- The Bombay High Court in Sony Pictures Network India Pvt Ltd v. State of Maharashtra, stayed the investigation on a Pune Police FIR in which Karad Urban Co-operative Bank (KUCB) alleged that in the third episode of the web series, ‘Scam 1992: The Harshad Mehta story,’ which aired on SonyLIV App, a logo was displayed in the background which resembles its trademark, causing severe damage to its financial, commercial and social reputation. [August 23, 2021]
- The Delhi High Court in Gujarat Cooperative Milk Marketing Federation Ltd & Anr v. Maruti Metals & Anr., granted an ex-parte ad-interim injunction in favour of the plaintiffs in a trademark infringement suit which alleged that the defendants were using a misleading mark i.e. ‘Amul Cookware’ for selling kitchenware and utensils, in violation of the plaintiff’s trade mark in Amul. [August 13, 2021]
- According to Piyush Goyal, India’s Union Commerce & Industry Minister, India’s ranking in the Global Innovation Index rose to 48th in 2020 after a record number of patents were awarded in 2020-21 and 14.2 lakh trademarks were registered in the previous four years.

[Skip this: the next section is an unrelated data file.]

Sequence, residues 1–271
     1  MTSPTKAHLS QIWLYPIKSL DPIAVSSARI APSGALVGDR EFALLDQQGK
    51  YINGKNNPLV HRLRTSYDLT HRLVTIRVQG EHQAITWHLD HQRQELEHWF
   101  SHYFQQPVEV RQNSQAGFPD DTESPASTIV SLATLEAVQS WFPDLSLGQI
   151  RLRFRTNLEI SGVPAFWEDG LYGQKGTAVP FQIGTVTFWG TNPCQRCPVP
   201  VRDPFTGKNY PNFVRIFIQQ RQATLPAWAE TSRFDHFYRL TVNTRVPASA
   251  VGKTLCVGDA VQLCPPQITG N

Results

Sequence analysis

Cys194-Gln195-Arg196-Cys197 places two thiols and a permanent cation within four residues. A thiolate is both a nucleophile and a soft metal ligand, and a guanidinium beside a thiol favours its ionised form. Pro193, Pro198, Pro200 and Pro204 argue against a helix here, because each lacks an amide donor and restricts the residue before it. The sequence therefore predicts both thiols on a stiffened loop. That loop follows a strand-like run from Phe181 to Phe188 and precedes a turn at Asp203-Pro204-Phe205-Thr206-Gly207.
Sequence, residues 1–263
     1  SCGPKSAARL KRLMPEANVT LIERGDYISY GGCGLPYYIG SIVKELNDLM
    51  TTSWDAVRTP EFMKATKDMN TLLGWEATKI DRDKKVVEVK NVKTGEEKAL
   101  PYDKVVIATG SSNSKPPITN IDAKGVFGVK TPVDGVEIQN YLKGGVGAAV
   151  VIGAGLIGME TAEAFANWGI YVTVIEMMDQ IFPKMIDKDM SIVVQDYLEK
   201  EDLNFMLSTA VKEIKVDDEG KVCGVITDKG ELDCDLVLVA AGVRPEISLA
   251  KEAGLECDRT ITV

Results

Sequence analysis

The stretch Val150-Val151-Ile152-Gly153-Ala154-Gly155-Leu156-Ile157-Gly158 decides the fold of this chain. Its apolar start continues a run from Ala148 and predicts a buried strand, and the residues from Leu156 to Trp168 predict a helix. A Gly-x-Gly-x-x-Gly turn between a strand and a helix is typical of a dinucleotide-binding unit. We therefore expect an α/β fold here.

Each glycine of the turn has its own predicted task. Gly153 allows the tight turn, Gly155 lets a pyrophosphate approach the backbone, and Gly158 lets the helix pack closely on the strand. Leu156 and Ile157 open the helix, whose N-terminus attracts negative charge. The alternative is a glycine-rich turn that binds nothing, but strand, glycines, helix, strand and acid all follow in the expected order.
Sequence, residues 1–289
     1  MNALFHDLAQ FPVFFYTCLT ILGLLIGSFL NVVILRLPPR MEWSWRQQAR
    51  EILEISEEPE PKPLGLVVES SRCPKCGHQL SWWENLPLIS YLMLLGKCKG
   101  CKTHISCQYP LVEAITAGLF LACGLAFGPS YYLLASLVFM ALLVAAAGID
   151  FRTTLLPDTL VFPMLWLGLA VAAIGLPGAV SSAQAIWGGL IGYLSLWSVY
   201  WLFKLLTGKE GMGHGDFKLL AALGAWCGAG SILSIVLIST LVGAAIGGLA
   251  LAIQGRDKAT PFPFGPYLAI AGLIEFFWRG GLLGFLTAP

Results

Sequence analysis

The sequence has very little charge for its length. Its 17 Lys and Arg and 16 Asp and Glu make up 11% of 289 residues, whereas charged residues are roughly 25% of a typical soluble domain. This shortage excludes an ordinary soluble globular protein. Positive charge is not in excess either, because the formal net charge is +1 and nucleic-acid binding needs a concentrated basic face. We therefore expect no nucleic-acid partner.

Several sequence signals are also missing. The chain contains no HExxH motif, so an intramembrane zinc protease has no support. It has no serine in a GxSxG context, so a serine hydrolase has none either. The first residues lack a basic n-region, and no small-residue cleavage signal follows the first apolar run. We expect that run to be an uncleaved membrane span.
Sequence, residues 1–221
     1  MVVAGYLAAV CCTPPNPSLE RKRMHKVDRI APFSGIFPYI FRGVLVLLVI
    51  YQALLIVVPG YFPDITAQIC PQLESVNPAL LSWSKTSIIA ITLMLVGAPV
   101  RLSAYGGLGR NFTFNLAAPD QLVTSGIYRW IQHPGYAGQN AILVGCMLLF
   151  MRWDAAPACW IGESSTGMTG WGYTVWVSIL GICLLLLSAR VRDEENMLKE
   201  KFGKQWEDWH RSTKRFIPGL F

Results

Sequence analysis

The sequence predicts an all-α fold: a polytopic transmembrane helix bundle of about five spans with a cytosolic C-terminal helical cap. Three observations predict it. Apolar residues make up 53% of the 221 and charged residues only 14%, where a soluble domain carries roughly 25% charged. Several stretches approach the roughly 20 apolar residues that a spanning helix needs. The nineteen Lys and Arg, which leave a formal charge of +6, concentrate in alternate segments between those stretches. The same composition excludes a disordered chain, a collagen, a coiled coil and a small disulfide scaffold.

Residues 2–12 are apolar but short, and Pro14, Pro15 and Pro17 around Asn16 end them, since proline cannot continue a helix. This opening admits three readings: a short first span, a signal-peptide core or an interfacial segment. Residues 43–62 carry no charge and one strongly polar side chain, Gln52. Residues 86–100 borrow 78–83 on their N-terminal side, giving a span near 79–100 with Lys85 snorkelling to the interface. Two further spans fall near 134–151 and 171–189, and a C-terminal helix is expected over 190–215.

- Zydus Cadila announced that it has received an Emergency Use Authorization (EUA) from Indian authorities to administer ZyCoV-D, the world’s first DNA-based COVID-19 vaccine, for adults and teenagers.
- In an article for ORF Online, Sakthivel Selvaraj explores whether ‘Universal vaccination against COVID-19 in India is a global public good or a private commodity?’
- In a patent case related to the anti-cancer pharmaceutical Imbruvica, a US District Court judgement against the drugmaker Natco Pharma and its marketing partner in the US, Alvogen Pine Brook LLC, USA, led to a dip in Natco Pharma’s stock price.
- In an article for Bloomberg Quint, Susan Decker discusses the work of Prof. Ryan Abbot in putting man and machine on an equal footing when it comes to inventorship under international patent law regimes, in light of recent decisions on the issue by courts in Australia and South Africa.
- A non-fungible token (NFT) marketplace has been launched by Alibaba Group of China, which permits customers to buy and sell NFTs while also facilitating licensing and selling of IP.